Heart Rhythm Disorders (cont.)
Benjamin Wedro, MD, FACEP, FAAEM
Dr. Ben Wedro practices emergency medicine at Gundersen Clinic, a regional trauma center in La Crosse, Wisconsin. His background includes undergraduate and medical studies at the University of Alberta, a Family Practice internship at Queen's University in Kingston, Ontario and residency training in Emergency Medicine at the University of Oklahoma Health Sciences Center.
Melissa Conrad Stöppler, MD
Melissa Conrad Stöppler, MD, is a U.S. board-certified Anatomic Pathologist with subspecialty training in the fields of Experimental and Molecular Pathology. Dr. Stöppler's educational background includes a BA with Highest Distinction from the University of Virginia and an MD from the University of North Carolina. She completed residency training in Anatomic Pathology at Georgetown University followed by subspecialty fellowship training in molecular diagnostics and experimental pathology.
In this Article
- How does the heart work?
- What is a heart rhythm disorder (arrhythmia)?
- What causes heart rhythm disorders?
- What are the signs and symptoms of heart rhythm disorders?
- What are the different types of heart rhythm disorders?
- Premature atrial contractions (PACs) and premature ventricular contractions (PVCs)
- Sinus tachycardia
- Sinus bradycardia
- Abnormal heart rhythms
- Ventricular fibrillation (V-fib)
- Ventricular tachycardia (V-tach)
- Paroxysmal supraventricular tachycardia (PSVT)
- Wolf-Parkinson-White (WPW) Syndrome
- Atrial fibrillation
- Atrial Flutter
- Heart blocks
- When to seek medical care
- How are heart rhythm disorders diagnosed?
- What is the treatment for heart rhythm disorders?
- What is the prognosis for heart rhythm disorders?
- Can heart rhythm disorders be prevented?
- Find a local Cardiologist in your town
What is a heart rhythm disorder (arrhythmia)?
When the heart's electrical system malfunctions, the normal rhythm of the heart can be affected. Depending upon the abnormality, the heart may begin to beat too fast, too slow, irregularly, or not at all. Heart rhythm disorders are often referred to as cardiac arrhythmias (cardiac = heart; a = lack of) but this is technically incorrect, since in most cases there is a heart rhythm, but it is abnormal. Cardiac dysrhythmia (dys = abnormal or faulty + rhythm) might be a better term.
Dysrhythmias may occur because of problems directly associated with the electrical "wiring," the SA node, the AV node, or ventricular conducting system. The issue may also be due to influences on the conducting system from outside the heart. These can include electrolyte abnormalities in the bloodstream, abnormal hormone levels (for example thyroid function that is too high or too low), and medication or drug ingestions.
Any abnormality of the electrical cycle within the heart that generates an abnormal beat, whether it is too fast, too slow, skipped, or irregular is considered a dysrhythmia.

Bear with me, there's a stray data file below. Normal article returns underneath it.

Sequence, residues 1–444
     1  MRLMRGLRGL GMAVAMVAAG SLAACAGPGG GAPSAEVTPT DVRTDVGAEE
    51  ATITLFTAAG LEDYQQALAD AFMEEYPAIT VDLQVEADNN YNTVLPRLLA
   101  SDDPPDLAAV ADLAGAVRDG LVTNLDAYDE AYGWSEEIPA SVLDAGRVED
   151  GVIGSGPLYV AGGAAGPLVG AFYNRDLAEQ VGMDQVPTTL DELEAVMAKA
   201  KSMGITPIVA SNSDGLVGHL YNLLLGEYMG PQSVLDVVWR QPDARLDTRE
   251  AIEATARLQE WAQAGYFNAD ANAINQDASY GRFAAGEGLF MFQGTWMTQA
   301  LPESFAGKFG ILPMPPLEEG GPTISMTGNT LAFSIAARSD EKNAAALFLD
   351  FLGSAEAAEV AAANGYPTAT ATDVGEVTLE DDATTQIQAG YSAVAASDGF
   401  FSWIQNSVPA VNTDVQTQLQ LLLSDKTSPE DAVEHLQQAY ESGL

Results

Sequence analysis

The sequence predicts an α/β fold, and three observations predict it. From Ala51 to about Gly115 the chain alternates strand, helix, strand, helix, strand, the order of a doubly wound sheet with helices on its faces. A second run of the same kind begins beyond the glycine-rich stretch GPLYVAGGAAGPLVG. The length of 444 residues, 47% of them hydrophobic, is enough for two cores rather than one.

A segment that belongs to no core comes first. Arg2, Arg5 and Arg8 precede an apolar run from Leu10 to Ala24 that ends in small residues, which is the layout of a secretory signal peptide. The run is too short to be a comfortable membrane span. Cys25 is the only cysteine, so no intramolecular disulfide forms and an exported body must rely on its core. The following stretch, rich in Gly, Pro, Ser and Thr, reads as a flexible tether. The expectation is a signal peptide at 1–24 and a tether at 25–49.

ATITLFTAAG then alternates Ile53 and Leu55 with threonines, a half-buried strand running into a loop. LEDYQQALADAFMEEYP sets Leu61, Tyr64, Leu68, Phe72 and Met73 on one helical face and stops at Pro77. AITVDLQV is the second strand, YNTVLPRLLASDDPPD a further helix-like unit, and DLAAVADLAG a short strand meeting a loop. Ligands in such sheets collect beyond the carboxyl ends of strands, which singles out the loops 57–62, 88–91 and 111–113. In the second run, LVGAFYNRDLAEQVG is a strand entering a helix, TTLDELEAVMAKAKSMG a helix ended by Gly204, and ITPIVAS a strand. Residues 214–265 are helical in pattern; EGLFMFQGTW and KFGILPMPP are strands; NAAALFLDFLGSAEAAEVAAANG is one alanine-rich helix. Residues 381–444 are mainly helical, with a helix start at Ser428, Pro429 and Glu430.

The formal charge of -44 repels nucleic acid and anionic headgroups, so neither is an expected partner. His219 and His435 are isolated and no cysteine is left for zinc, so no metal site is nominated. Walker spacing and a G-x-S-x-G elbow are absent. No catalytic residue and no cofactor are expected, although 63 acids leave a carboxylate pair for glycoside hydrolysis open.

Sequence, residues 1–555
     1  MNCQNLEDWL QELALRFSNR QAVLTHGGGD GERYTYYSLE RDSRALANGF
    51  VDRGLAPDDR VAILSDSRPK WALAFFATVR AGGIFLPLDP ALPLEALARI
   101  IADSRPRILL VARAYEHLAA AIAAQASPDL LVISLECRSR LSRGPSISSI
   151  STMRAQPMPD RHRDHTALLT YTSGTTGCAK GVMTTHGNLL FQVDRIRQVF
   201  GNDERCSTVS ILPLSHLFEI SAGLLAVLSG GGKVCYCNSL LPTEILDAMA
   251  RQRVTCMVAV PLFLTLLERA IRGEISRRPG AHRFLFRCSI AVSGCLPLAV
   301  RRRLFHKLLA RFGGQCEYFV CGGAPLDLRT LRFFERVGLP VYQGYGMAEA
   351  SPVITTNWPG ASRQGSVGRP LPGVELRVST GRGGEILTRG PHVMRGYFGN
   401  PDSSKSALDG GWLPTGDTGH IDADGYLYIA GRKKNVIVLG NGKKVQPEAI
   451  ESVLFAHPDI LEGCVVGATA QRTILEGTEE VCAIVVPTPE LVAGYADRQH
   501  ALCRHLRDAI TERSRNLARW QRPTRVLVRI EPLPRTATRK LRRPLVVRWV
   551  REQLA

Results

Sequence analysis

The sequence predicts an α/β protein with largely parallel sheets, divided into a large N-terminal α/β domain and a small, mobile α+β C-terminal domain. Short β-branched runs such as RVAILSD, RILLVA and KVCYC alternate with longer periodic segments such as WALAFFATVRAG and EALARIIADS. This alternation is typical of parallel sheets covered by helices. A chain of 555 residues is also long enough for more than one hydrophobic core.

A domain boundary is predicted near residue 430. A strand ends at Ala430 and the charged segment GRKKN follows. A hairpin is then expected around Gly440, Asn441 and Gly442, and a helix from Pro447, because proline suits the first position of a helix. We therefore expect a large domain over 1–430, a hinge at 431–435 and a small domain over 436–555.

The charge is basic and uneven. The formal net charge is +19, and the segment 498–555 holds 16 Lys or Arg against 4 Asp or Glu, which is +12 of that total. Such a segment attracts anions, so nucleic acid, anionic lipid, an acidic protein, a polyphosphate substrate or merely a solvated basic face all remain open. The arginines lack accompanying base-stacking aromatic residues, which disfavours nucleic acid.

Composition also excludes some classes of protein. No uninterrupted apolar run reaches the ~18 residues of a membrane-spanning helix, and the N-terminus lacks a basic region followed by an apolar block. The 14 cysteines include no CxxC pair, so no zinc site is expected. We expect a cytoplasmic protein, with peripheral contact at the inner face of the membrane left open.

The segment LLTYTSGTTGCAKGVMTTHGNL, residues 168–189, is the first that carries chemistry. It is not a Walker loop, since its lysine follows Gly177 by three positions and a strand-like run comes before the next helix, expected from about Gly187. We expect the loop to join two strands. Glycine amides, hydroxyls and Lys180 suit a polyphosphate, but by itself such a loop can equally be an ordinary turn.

Dysrhythmias are usually classified as originating from above the AV node (supraventricular ) or below, from the ventricle. They are either fast, slow, or irregular and persistent or intermittent.
What causes heart rhythm disorders?
Heart rhythm disturbances may occur because of problems within the heart itself or be the result of abnormalities in the body's environment that can affect the heart's ability to conduct electricity.
Cardiac or heart muscle cells become irritated when they are depleted of oxygen. This can occur during a heart attack, in which the coronary arteries, the blood vessels that supply the heart with blood, are blocked. Lack of oxygen can occur when the lungs are unable to extract oxygen from the air. Significant anemia, or low red blood cell count, decreases the oxygen-carrying capacity of the blood and may prevent adequate oxygen delivery. Rapid heart rates may be due to "wiring" problems with the electrical pathways in the heart. This can cause "short circuits" making the heart speed up and beat 150 beats a minute or more. The abnormality can be due to a physical extra electrical pathway such as that seen in Wolff-Parkinson-White (WPW) syndrome, or it can be due to changes in the electrical physiology between a few cells, like in atrial flutter.
Rapid heart rates can also occur because of environmental issues that affect the heart. These can be intrinsic to the body, like anemia, abnormal electrolyte levels, or abnormal thyroid hormone levels. They may also be due to reactions to outside influences like caffeine, alcohol, over-the-counter cold remedies, or stimulants such as amphetamines. To the cardiac muscle cell, they all appear to be adrenaline-like substances that can cause cell irritation.
Slow dysrhythmias can also be problematic. If the heart beats too slowly, the body may not be able to maintain an adequate blood pressure and supply the body's organs with enough oxygen-rich blood to function.
Slow heart rates may be due to aging of the SA node and its inability to generate an electrical pacemaker signal. Often though, it is due to the side effects of medications used to control high blood pressure. Side effects of beta blocker and certain calcium channel blocker drugs include a slowing of the heart rate.
Body environment is also important with slow heart rhythm abnormalities. Hypothermia, or low body temperature, is a potential cause.
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